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Encyclopedia > Polypeptide

Peptides are the family of molecules formed from the linking, in a defined order, of various amino acids. The link between one amino acid residue and the next is an amide bond, and is sometimes referred to as a peptide bond. An amide bond is somewhat shorter than a typical carbon-nitrogen single bond, and has a partial double-bond character, because the participating carbon molecule is doubly bonded to an oxygen molecule and the nitrogen has a lone pair of electrons available for bonding.


Peptides (like proteins) occur in nature and are responsible for a wide array of functions, many of which are not yet understood. Antimicrobial peptides generally disrupt the membranes of a target cell, causing lysis of the cell. How this occurs, and what determines the activity and selectivity of these peptides, is currently only known approximately.


Peptides differ from proteins, which are also long chains of amino acids, by virtue of their size. Traditionally, those peptide chains that are short enough to make synthetically from the constituent amino acids are called peptides rather than proteins. The dividing line is at approximately 50 amino acids in length, since naturally-occurring proteins tend, at their smallest, to be hundreds of residues long. So, in essence, a peptide is a small protein.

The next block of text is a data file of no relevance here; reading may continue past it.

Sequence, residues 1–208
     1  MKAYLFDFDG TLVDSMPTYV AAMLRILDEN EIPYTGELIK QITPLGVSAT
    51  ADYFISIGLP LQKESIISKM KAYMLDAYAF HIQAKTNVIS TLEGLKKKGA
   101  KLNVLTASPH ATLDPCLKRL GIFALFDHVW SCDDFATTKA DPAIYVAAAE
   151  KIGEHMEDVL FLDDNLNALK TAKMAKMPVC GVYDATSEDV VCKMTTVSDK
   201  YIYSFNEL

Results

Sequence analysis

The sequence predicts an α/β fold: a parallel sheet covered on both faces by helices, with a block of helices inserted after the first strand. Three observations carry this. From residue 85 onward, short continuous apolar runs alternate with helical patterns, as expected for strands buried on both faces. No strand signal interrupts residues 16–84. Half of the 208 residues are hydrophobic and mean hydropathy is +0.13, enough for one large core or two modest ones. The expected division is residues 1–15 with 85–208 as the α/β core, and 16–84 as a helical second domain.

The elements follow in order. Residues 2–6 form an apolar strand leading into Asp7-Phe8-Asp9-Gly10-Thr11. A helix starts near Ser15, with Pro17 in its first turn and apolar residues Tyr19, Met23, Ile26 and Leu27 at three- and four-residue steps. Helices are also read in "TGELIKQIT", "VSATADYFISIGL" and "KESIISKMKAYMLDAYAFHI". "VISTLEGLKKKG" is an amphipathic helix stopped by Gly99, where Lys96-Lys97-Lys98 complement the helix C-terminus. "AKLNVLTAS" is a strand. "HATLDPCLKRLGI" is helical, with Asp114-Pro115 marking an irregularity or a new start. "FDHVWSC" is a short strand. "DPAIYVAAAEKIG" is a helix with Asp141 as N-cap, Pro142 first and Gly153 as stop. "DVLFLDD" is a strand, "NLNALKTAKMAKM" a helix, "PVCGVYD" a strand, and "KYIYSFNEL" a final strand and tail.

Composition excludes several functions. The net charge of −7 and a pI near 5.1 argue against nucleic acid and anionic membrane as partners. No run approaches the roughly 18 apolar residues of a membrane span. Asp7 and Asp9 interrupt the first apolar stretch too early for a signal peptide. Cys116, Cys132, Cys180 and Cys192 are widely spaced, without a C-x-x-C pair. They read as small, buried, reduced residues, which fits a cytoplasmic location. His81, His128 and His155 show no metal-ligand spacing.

Peptidomimetics (such as peptoids and β-peptides) are molecules related to peptides, but with different properties.


Notes on terminology

See also

External links

  • Antimicrobial Peptides (http://moose.bio.ucalgary.ca/Research/Current%20Projects/Antimicrobial%20Peptides/)

  Results from FactBites:
 
Peptide - Wikipedia, the free encyclopedia (627 words)
A polypeptide is a single linear chain of amino acids.
A protein is one or more polypeptides more than about 50 amino acids long.
An oligopeptide or (simply) a peptide is a polypeptide less than 30-50 amino acids long.
Patent 6,538,123 (3522 words)
Preferably, a portion of the C polypeptide of HCV responsible for thr regulatory activity may be a portion of the C polypeptide ranging from the amino acid at position 1 to the amino acid in one of positions 48 to 191.
A portion of the E1 polypeptide of HCV responsible for the interaction of the C polypeptide with the E1 protein may be in particular the C-terminal domain of the E1 polypeptide, preferably the domain at positions 330 to 380 or at positions 370 to 380.
A polypeptide, a mixture or a molecule of DNA useful for the purposes of the present invention may be formulated in or with liposomes, preferably neutral or anionic liposomes, microspheres ISCOMs or virus-like particles (VLPs), in order to promote the screening of the protein or of the polypeptide or to increase the immune response.
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